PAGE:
7 so­lu­tions TO CALM THOSE CRAZY LEGS

Mother & Baby (Australia) - - Special Report -

UP YOUR IRON IN­TAKE

Pay a visit to your GP and ask to have your lev­els of iron and fer­ritin (a pro­tein that stores iron) checked with a sim­ple blood test. Low lev­els are not thought to be a di­rect cause of the prob­lem, but top­ping up any short­fall will im­prove your over­all health and could re­lieve symp­toms. A sig­nif­i­cant de­fi­ciency is usu­ally best rec­ti­fied with tablets from your doc­tor. But eat­ing iron-rich foods through­out preg­nancy and be­yond makes good sense, and may re­duce your chances of de­vel­op­ing RLS again if you have an­other baby. A sim­ple diet switch is to have this iron-rich smoothie for break­fast: blend a peeled, cored ripe pear and ba­nana, 25ml each of pineap­ple and or­ange juice plus a hand­ful of raw, rinsed beet­root leaves or kale. Add blue­ber­ries to sweeten.

CUT OUT CAF­FEINE

You may have re­duced your caf­feine in­take, but it’s worth adopt­ing a zero-tol­er­ance ap­proach to help you fall into deep sleep more eas­ily. Most de­caf­feinated cof­fee con­tains some caf­feine, as does most tea, in­clud­ing green tea.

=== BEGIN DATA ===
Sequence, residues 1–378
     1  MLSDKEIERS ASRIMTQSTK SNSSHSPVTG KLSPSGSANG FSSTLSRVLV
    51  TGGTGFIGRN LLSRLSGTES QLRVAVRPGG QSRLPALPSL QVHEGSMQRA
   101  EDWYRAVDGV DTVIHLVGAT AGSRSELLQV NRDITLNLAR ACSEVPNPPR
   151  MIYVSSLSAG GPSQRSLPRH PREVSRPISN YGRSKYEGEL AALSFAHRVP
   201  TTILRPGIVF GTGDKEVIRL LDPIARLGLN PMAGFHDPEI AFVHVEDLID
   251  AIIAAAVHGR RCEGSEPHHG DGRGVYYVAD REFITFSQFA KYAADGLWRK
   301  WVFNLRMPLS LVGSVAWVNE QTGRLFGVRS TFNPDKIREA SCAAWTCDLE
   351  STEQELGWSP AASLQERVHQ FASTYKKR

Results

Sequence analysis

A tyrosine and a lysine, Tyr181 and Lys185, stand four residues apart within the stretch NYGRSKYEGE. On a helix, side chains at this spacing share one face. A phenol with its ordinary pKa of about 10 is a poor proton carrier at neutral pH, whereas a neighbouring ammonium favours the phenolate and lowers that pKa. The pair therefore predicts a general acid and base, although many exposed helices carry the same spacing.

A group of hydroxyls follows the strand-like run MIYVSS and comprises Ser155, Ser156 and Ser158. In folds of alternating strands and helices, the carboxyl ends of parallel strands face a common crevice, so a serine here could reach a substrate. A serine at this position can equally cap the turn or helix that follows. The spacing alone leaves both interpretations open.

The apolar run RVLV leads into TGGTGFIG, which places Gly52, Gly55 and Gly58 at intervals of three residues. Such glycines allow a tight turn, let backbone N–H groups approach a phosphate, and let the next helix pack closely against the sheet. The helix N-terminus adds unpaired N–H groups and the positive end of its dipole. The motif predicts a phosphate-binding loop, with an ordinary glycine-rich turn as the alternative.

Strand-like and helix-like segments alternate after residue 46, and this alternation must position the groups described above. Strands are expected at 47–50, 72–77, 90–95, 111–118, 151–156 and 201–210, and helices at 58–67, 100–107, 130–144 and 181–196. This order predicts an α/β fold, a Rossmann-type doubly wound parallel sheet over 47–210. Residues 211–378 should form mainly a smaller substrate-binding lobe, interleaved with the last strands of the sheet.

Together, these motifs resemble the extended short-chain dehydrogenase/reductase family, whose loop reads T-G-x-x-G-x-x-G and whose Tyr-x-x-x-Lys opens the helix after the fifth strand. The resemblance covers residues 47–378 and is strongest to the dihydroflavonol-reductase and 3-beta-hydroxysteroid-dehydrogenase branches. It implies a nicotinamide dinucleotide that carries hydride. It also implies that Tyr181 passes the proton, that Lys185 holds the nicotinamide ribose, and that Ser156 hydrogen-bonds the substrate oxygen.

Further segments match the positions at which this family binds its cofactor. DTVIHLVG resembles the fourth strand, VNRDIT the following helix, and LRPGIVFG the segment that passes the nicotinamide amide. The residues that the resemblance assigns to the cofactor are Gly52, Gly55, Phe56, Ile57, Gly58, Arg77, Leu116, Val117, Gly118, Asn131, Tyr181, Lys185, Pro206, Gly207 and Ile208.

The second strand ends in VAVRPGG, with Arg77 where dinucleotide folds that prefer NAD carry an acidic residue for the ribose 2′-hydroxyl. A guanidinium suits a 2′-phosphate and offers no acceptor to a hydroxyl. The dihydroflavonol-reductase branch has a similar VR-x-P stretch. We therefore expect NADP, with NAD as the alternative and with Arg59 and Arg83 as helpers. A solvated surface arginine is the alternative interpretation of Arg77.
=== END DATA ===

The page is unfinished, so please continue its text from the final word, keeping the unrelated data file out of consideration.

So stick to caf­feine-free herbal or Rooi­bos teas. And be aware that you’ll find caf­feine lurk­ing in some fizzy drinks and choco­late.

KEEP MOV­ING

Avoid sit­ting up in bed read­ing or surf­ing the net as this in­ac­tiv­ity can bring on RLS symp­toms. It’s thought that this ‘nor­mal’ rest in­ad­ver­tently trig­gers a re­sponse in the brain, which usu­ally kicks in with pro­longed im­mo­bil­ity to pro­tect the body from prob­lems such as pres­sure sores. Aim to be up and mov­ing un­til you’re ready to get into bed for sleep.

AP­PLY HEAT OR COLD

Bathing or tak­ing a long shower can help calm your legs. Ex­per­i­ment with wa­ter tem­per­a­tures to see what of­fers most re­lief. The like­li­hood is that the tem­per­a­ture change can switch off some of the ab­nor­mal re­sponse to rest. Gen­tle warmth from a heated pad helps some mums-to-be. Try the Sun­beam Feel Per­fect ther­a­peu­tic heat pad, $54.95. It heats up in 10 min­utes and has nine lev­els of safety pro­tec­tion. If warmth doesn’t help, try cool­ing your legs with a wrung-out-but-still damp tea towel that’s been in the freezer for two min­utes.

EX­ER­CISE YOUR LEG MUS­CLES

Wrig­gling or kick­ing your legs will bring some im­me­di­ate re­lief. Or try this sim­ple ex­er­cise: con­tract all the mus­cles sur­round­ing the rest­less area for 10 sec­onds, then re­lax them for 20 sec­onds. Re­peat five times while breath­ing slowly.

DIS­TRACT YOUR BRAIN

The Na­tures­pace app (iTunes & Google Play, free) fea­tures sounds rang­ing from oceans to rain­forests, and will help soothe you to sleep.

SOOTHE WITH MAS­SAGE

A gen­tle rub can of­fer tem­po­rary re­lief from symp­toms. Ask your part­ner to mas­sage your legs at bed­time, as you drift off, to quell the tin­gling long enough for you to fall asleep.

NONE OF THE PRE­SCRIP­TION DRUGS USED TO RE­LIEVE SE­VERE CASES OF REST­LESS LEGS SYN­DROME HAVE YET BEEN AD­E­QUATELY TESTED FOR USE DUR­ING PREG­NANCY.

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